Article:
With a plethora of one-of-a-kind experiences to entice visitors, Central Europe has its eyes set on the MENA market. Panayiotis Markides discovers how the region is targeting this unique market.
Year-on-year, travellers descend upon the heart of Europe eager to make use of the plethora of wellness options, the milder climate and the natural beauty that comes with a visit to its various destinations.
Honing in on Austria, general manager, Grandhotel Lienz, Johannes Westreicher explained to TTG that the five-star property knows just how to accommodate its clientele.
“Since sport and health are very important, our bicycle tracks have been expanded to 300km along the River Isel, which is the only natural glacier river still in Austria.”
Meanwhile in Vienna, according to Vienna Tourism Board’s tourism strategy released in 2015, the city aims to increase the number of overnight stays by five million, the room revenue is to be stepped up by $454 million, and direct flights to Vienna are to be offered by another 20 cities worldwide.
With developments across the region, TTG spoke with various stakeholders to discover how Central Europe is planning to up its visitor figures.
EYE ON THE PRIZE
Being well-established within continental Europe, Central Europe’s tourism entities are looking further afield to augment their market share, with the strategy having paid off.
Market manager – China, Japan, South Korea, Arab countries, Vienna Tourism, Elisabeth Sissi Woschnagg informed TTG: “Our main feeder markets in 2015 were Germany, Austria and the US.”
Combining visitor statistics from all the Arab nations to Vienna, Woschnagg told TTG that the region provided 411,000 overnights from 184,000 arrivals, making the region Vienna’s eighth ranked source market after Switzerland and ahead of Russia.
She revealed that with positive numbers such as this, the destination is promoting itself within the MENA region in the UAE, Saudi Arabia, Kuwait and Qatar. In addition, the destination also hosts an Arabic website to promote itself to the market.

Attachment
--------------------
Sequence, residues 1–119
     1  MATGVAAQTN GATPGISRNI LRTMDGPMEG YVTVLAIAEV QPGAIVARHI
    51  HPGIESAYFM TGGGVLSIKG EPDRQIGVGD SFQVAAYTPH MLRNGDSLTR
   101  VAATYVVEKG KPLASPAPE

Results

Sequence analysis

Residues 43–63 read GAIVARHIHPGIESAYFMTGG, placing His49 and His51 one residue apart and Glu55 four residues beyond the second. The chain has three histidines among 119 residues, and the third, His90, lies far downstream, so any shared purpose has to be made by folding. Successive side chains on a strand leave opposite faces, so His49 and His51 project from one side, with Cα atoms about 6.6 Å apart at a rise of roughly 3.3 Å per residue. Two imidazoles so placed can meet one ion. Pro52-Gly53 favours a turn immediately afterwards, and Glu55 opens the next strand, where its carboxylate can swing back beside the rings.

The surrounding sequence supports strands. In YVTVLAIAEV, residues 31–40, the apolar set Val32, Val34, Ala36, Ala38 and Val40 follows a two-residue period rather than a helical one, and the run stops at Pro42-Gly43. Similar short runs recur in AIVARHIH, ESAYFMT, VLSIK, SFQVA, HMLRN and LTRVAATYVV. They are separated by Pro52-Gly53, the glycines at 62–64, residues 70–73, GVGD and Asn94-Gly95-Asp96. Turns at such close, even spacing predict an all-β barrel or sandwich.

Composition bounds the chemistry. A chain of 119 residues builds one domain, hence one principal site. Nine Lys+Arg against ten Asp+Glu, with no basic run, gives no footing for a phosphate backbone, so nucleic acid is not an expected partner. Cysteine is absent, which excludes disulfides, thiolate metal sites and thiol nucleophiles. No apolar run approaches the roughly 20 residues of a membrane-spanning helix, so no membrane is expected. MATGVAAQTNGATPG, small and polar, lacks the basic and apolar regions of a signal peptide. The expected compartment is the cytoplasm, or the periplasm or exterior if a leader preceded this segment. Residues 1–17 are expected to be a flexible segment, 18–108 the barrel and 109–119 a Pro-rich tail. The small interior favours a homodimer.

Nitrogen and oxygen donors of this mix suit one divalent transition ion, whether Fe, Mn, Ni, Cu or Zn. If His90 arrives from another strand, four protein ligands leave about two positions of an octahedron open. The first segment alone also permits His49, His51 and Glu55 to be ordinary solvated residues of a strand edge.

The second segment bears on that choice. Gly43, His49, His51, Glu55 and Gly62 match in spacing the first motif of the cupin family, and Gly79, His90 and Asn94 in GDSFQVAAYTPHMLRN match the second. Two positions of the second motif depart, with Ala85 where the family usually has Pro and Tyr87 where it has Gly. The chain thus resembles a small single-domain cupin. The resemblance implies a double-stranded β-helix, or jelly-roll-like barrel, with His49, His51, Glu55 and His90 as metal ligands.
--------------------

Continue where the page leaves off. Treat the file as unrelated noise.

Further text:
“Tourists from this region have become particularly important during the summer months. With 131,581 overnights during the month of August in 2015, all Arab markets rank third just after our major source markets, Germany and Austria.”
In Slovakia, connections with the MENA market have been bolstered with the recent three-times weekly Turkish Airlines flights between its Eastern city of Košice and Istanbul.
The sentiment for attracting the MENA traveler was echoed across the board as director of sales and marketing, Eden Group, Markéta Azemovicová noted: “Our main market is the CIS market and we are working on attracting the MENA market to our destination. It is a new market for us.”
Westreicher commented that Grandhotel Lienz’s main markets are Austria, Germany, the UAE and the US. He enthused: “It would be great to build up the MENA market since what we offer is unique and we have a lot of repeat guests due to our personalised service, as we are a family operation and attend to every request from our guests personally.”
Director of sales and marketing, The Ritz-Carlton, Vienna, Stefan Ludwig told TTG: “We recognise an increase of five per cent in demand year-on-year from GCC countries, especially Saudi Arabia, Kuwait, Qatar and the UAE.”
He noted that the property’s main feeder markets are the US, the UK and Germany, while Asia and the Middle East are the hotel’s main emerging markets.
Regional director, Vienna House Czech Republic, Klaus Pilz remarked to TTG that the MENA market is a target for the company: “We definitely need to attract the MENA market as well. We have local sales representatives there followed by our own sales managers because we know how crucial personal contact is in those countries.”
In an industry forever in flux, a multitude of trends affect what travellers seek in any destination they may visit.
Azemovicová remarked that in Carlsbad there is a constant and growing demand on health improvement. “Therefore among other things we focus on health food and we came up with a new concept of meals in the Carlsbad Plaza.”
She also informed TTG about what the Czech hospitality group is doing to keep its tourism product updated: “We are offering a new concept of treatment in our Medical Spa Suites. These are treatment rooms, which provide an entire new view on relaxation during medical treatments. We are the only hotel in the Czech Republic, which offers these types of facilities and services.”
BOOSTING WELLNESS OFFERING
While Central Europe’s wellness offering may be firmly established, it still continues to enhance its product with the addition of new properties from major hospitality player, Carlson Rezidor. The company recently announced the upper-upscale Radisson Blu Resort & Spa, Szklarska Poreba, set to open in late 2018, in south west Poland, which will be a ski and summer resort featuring 180 rooms.
The hotel group also announced the 166-key midscale Park Inn by Radisson Poznán, also in Poland, expected to open in Q2 of 2017.
Meanwhile in Hungary, luxury options are in no short supply as The Ritz-Carlton, Budapest recently opened its doors to visitors in the city’s cultural and shopping district. The hotel boasts 170 rooms and 30 suites.
With no shortage of experience in catering to the most discerning of travellers visiting Central Europe, stakeholders are actively